Gertrude Lim has two sons—one is 11, the other 13. It’s her teenager she’s worried about most when it comes to pot. “He’s of an age where he reads the news and marijuana has already came up because they were discussing it at school,” the Oakville, Ont., mom says. “I worry that legalization will encourage kids, who otherwise might not have done it when it was illegal, to try it.”
It’s a common concern among parents these days, says Marc Paris, the executive director of Drug Free Kids Canada. And we’re not the only ones who are confused about cannabis legalization “Kids’ perceptions of the drug are all over the place, from ‘it can cause cancer’ to ‘it’s just a plant, so what’s the big deal?’”
The problem, Paris says, is that it’s a big deal. “Early and frequent consumption of high tetrahydrocannabinol content can aggravate predispositions to certain mental disorders (such as psychosis, anxiety and depression) and hold back development of the prefrontal cortex, where judgement comes from.” Early, frequent pot smoking is also associated with a motivational syndrome (lack of concentration, decreased interest in activities, etc.) and poor performance in school. Even more troubling is the fact that the rate of cannabis use is two times higher for Canadian youth (ages 15 to 24) as it is for adults; one in five teens ages 15 and 19 didn’t wait for it to be legal to puff away. “We need to re-educate our kids,” says Paris.
What should be of some comfort to parents, he adds, is that kids really do pay attention to us, and care what we think. “Parents assume their kids don’t listen, but research shows that in households where there’s an ongoing conversation about drugs, kids are less likely to try them,” he says. “In fact, parents are the first line of defense in any drug prevention strategy.” Here’s how to get the conversation started—and how to address the questions they’re sure to ask.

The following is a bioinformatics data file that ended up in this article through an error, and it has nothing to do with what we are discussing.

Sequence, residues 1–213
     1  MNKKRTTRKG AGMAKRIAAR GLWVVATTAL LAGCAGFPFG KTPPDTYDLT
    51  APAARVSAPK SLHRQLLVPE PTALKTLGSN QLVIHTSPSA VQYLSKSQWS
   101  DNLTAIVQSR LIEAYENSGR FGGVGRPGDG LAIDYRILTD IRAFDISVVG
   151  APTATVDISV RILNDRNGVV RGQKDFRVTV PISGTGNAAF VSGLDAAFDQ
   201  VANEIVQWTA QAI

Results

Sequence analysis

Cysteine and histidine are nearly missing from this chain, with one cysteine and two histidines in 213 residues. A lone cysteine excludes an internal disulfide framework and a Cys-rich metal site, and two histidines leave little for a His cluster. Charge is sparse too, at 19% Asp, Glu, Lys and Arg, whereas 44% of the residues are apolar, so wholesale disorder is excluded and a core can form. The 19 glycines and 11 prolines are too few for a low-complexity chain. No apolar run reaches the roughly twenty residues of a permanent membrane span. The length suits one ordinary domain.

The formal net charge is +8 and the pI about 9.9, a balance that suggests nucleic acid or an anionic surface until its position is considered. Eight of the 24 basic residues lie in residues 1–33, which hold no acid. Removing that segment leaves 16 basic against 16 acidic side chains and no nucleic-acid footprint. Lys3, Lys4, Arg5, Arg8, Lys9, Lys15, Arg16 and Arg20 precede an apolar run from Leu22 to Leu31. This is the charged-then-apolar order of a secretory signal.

Parents often feel ill-equipped and think their kids know more about pot than they do. Paris recommends doing some research ahead of time, then start the conversation casually. “Have the facts straight, then say, ‘Here’s what they’re saying about this, let’s talk about it.’”
Dr. Victoria Creighton is the clinical director of the Pine River Institute, a residential treatment centre for youth who struggle with addiction, addictive behaviours and mental health issues near Shelburne, Ont. She agrees with Paris and adds parents should aim for the talk to be “part of an ongoing, regular, informal conversation where you’re offering thoughts and ideas,” she says. “Trust in the relationship you have with your kids, and make sure the conversation isn’t a fear-driven lecture using scare tactics or threats.”
When Elena Welch, a mom who lives near Calgary, first talked to her twins (now in their teens) about smoking pot, she kept it casual. “We have very honest discussions about a range of topics, so this particular one was no different,” she says. They talked about the effects (physical, psychological and social) of smoking dope and presented all sides of the argument with her brood. “The new reality is that legalization is happening in our country and our children will be exposed to marijuana in a different way than before—and that’s what needs to be discussed.”